It should be understood that the commercially available carts will have body panels to cover the cart for a pleasing appearance, and such panels will restrict access to the operating mechanisms and batteries. To provide convenient access, therefore, the top of the frame 14 is closed by only the seat 28. As is shown in phantom in FIG. 1, the seat 28 can be pivoted away from the frame to provide access to the interior of the frame. The seat 28 has its front edge pivoted to a link 29, the link 29 being pivoted to the rear of the frame at 30. A stop 31 supports the link 29 when the seat 28 is in position for use.

It will therefore be seen that the seat 28 can be lifted and pivoted forward, leaving the link 29 in place; or, the seat 28 can be lifted and urged rearwardly, pivoting the link 29 about the pivot 30. In either case, full access is provided to the interior of the frame 14. The seat can subsequently be easily put back in place for use.

Turning now to the forward end of the cart 19, the frame 14 supports a forward extension 27 from the lower end of the frame 14. As here shown the extension 27 is angled slightly up for comfortable placement of the controls for the cart. At the forward end of the extension 27 there is a stanchion 32 generally perpendicular to the extension 27. The stanchion 32 is off-set rearwardly, and carries a steering column 34. The steering column 34 includes bearings for rotatably mounting a shaft 35 therein. The upper end of the shaft 35 carries a steering wheel 36, and the lower end of the shaft 35 has the steering cable 38 fixed thereto.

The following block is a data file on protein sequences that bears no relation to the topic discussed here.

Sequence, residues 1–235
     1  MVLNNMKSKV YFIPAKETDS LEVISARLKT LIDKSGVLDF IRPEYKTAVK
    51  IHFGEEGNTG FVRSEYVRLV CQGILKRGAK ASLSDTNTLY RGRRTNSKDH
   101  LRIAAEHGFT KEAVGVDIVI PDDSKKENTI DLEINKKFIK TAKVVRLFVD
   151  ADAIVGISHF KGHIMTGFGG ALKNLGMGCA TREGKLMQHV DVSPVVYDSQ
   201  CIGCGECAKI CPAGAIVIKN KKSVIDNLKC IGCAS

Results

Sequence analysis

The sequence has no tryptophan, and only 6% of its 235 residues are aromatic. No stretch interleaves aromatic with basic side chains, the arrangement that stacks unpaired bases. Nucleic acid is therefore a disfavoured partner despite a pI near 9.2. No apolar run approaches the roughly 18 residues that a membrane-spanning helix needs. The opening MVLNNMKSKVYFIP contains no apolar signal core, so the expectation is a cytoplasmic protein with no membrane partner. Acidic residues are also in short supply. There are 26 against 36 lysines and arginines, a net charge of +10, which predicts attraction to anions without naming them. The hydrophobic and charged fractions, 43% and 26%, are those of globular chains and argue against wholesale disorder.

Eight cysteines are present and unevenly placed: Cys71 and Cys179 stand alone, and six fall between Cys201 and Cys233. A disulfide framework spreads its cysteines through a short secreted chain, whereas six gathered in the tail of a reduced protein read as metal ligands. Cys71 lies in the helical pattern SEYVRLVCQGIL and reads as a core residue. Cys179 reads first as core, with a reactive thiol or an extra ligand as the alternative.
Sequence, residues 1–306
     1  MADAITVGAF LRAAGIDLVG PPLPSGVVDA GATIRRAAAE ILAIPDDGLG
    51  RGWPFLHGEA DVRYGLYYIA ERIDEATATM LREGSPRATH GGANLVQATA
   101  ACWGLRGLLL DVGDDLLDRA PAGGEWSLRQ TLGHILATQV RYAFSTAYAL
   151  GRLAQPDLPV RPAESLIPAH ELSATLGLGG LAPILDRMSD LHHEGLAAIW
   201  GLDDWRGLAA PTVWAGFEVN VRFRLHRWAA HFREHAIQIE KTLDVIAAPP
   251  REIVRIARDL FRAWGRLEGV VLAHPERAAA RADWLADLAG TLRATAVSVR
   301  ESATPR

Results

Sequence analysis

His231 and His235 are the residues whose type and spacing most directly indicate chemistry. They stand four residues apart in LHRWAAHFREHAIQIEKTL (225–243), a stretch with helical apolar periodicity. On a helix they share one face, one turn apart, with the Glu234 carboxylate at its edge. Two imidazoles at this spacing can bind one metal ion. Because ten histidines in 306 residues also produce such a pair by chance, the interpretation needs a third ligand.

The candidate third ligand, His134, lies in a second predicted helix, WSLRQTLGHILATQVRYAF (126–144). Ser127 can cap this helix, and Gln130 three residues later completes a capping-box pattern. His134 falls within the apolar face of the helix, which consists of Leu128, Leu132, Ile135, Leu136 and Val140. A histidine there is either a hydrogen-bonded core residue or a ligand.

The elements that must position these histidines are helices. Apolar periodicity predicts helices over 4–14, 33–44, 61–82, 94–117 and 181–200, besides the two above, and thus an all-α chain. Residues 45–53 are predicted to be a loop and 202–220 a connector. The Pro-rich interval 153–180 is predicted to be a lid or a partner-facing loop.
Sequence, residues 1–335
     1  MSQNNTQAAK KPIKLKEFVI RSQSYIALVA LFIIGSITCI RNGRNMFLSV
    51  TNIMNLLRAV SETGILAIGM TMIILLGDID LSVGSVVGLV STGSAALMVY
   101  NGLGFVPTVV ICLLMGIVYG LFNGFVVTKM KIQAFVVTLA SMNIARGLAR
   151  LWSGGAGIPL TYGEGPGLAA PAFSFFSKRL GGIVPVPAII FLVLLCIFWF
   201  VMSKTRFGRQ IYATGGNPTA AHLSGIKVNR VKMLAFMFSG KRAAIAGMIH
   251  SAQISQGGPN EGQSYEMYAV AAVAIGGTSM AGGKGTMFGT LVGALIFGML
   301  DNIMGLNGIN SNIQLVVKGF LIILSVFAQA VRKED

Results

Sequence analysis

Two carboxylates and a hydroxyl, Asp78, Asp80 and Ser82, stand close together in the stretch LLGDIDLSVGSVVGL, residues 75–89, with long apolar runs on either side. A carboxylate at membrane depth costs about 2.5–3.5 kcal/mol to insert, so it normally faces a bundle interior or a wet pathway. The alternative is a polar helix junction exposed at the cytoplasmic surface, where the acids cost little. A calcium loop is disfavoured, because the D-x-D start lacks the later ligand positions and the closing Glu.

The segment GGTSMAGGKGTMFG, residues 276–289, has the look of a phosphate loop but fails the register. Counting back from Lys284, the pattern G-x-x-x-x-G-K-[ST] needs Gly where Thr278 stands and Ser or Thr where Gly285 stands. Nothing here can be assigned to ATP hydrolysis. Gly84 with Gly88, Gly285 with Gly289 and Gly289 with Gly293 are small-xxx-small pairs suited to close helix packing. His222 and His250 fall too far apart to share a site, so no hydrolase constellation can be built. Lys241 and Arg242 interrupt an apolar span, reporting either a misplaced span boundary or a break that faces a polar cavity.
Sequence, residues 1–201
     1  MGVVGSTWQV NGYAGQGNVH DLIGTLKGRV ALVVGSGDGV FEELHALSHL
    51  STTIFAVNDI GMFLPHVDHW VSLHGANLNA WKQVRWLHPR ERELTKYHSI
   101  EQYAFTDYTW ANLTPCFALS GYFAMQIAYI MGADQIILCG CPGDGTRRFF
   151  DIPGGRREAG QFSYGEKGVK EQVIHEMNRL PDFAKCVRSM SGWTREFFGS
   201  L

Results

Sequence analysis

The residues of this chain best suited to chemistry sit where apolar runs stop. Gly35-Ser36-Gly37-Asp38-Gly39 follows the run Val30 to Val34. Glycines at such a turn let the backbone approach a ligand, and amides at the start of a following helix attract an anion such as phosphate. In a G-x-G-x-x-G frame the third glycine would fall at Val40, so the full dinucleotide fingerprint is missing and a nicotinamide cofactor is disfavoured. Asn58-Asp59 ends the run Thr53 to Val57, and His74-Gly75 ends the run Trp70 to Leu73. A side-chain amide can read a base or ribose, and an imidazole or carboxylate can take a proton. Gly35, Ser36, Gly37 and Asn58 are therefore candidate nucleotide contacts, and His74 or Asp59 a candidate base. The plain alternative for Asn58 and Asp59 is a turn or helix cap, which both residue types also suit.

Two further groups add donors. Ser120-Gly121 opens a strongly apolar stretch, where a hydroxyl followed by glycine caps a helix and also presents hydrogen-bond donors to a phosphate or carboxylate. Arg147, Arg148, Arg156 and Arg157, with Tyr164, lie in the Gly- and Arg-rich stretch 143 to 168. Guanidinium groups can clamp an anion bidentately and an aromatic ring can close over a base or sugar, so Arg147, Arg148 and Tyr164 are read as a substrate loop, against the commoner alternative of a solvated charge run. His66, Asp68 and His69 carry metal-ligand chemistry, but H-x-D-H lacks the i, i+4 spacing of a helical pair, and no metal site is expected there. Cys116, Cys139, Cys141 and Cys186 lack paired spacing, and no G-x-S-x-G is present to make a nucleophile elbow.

With reference to FIGS. 1 and 2 it can be seen that the steering cable 38 extends around the shaft 35 and, since the cable is fixed to the shaft, the cable 38 will be moved in alternate directions as the shaft 35 is rotated in alternate directions. The cable 38 extends rearwardly and passes over pulleys 39 to keep the cable 38 away from the motor 40. The two courses of the cable 38 cross each other, and the cable 38 is fixed to the pulley 24 in the rear wheel assembly 16.

In view of the above described construction, it will be understood that, when the wheel 36 is rotated clockwise, as for a right turn, the shaft 35 will be rotated clockwise as viewed in FIG. 2. The course of the cable 38 on the left side of the cart will be pulled forward, and this will pull the right side of the pulley 24 forward to rotate the wheel 22 counterclockwise. The rear of the cart will therefore move to the left, causing the front end of the cart to move to the right for the expected right turn. It will therefore be understood that the steering system of the present invention is very simple and effective, and allows rotation of the rear wheel 22 about 90 in each direction for a minimum turning radius of the cart.